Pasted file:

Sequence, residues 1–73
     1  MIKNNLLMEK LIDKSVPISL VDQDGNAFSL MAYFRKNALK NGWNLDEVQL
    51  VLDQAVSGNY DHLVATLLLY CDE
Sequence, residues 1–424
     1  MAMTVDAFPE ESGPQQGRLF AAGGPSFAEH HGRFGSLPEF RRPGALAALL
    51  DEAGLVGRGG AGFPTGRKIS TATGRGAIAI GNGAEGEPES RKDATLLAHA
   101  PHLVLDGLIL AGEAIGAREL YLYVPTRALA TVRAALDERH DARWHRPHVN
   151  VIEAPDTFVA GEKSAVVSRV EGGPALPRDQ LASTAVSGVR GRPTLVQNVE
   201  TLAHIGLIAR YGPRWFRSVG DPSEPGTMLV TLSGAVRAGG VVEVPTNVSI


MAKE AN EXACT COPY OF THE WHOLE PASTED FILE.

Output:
Sequence, residues 1–73
     1  MIKNNLLMEK LIDKSVPISL VDQDGNAFSL MAYFRKNALK NGWNLDEVQL
    51  VLDQAVSGNY DHLVATLLLY CDE
Sequence, residues 1–424
     1  MAMTVDAFPE ESGPQQGRLF AAGGPSFAEH HGRFGSLPEF RRPGALAALL
    51  DEAGLVGRGG AGFPTGRKIS TATGRGAIAI GNGAEGEPES RKDATLLAHA
   101  PHLVLDGLIL AGEAIGAREL YLYVPTRALA TVRAALDERH DARWHRPHVN
   151  VIEAPDTFVA GEKSAVVSRV EGGPALPRDQ LASTAVSGVR GRPTLVQNVE
   201  TLAHIGLIAR YGPRWFRSVG DPSEPGTMLV TLSGAVRAGG VVEVPTNVSI